The reason for using the activity-based approach is that the traditional accounting “line item” methodology creates a disconnect between resource allocation and the achievement of critical goals — private sector boards eventually tired of this “black box” approach, and demanded that management teams provide a more transparent linkage — or logic model, if you will — between goals (e.g., meeting the five key student achievement improvement goals established by the board), changes in activities, changes in staffing and investments, and changes in budgets. If you doubt the need for this in K-12, just ask your superintendent how much (in direct costs and the value of employees’ time) the district spends on professional development, how they measure its effectiveness, and what return they are getting on this investment. Then ask the same questions about the selection and evaluation of curriculum and instructional materials.

Unfortunately, too many DACs and SACs still focus only on incremental spending, using a traditional accounting line item approach that is made even more confusing by the public sector’s use of fund accounting.  At a time when the bar for “college and career readiness” is rapidly rising (even though our kids still have only 13 years to reach it), and educational innovations are exploding, creating a strong bias in favor of the status quo is exactly the wrong approach to take.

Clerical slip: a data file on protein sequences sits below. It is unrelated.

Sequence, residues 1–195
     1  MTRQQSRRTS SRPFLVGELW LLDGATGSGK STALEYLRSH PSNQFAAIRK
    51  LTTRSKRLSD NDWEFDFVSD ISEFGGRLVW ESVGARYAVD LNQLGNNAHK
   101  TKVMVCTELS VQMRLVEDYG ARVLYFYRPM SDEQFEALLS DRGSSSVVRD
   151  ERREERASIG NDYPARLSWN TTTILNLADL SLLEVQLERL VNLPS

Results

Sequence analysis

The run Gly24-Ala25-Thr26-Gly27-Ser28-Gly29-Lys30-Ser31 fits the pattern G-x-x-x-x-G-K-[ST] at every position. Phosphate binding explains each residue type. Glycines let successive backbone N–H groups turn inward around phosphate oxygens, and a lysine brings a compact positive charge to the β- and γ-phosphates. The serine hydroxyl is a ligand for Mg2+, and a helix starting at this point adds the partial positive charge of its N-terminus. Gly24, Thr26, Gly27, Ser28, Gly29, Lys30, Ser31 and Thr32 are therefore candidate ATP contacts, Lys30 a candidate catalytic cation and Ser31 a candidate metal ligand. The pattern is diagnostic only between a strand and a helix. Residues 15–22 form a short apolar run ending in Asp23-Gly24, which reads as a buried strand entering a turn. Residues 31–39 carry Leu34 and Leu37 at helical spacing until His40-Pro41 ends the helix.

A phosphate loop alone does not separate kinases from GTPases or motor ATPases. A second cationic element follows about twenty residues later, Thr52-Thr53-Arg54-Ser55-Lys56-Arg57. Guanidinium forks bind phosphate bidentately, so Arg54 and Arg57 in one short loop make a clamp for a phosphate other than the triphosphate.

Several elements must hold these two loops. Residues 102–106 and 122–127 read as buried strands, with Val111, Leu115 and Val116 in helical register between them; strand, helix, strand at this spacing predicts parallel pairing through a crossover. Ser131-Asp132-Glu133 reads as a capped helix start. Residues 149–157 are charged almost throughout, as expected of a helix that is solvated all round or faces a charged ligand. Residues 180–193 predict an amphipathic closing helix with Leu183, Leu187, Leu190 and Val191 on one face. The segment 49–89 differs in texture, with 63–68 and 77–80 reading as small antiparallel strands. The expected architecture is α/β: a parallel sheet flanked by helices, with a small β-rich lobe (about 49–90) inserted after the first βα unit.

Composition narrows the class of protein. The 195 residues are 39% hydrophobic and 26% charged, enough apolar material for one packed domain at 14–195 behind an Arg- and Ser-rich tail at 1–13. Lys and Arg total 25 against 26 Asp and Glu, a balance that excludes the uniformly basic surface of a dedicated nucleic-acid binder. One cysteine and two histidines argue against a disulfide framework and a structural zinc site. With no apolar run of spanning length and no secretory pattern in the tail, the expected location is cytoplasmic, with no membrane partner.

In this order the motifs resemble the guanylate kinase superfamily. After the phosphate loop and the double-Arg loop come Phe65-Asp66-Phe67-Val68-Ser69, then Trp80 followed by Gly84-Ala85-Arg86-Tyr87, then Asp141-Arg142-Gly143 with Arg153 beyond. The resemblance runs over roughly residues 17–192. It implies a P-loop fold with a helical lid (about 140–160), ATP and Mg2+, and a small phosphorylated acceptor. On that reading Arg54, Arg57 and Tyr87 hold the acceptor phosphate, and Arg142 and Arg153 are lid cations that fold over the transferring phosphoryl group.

More broadly, it is hard to see how Colorado taxpayers will support increases in funding for K12 public schools if districts fail to make explicit the activities on which existing funds are being spent, and the linkages of these activities to student achievement results, and why they believe more funding is needed to drive faster performance improvement. For example, this private sector review of Boston Public Schools’ cost structure highlighted many opportunities for freeing up funds in the existing budget that could be spent on achievement improvement initiatives.

In sum, the work of District and School Accountability Committees is central to meeting the challenge of improving student achievement results in Colorado. One of the reasons we started K12 Accountability was to provide DAC and SAC members with the evidence and analysis they need to perform their roles exceptionally well.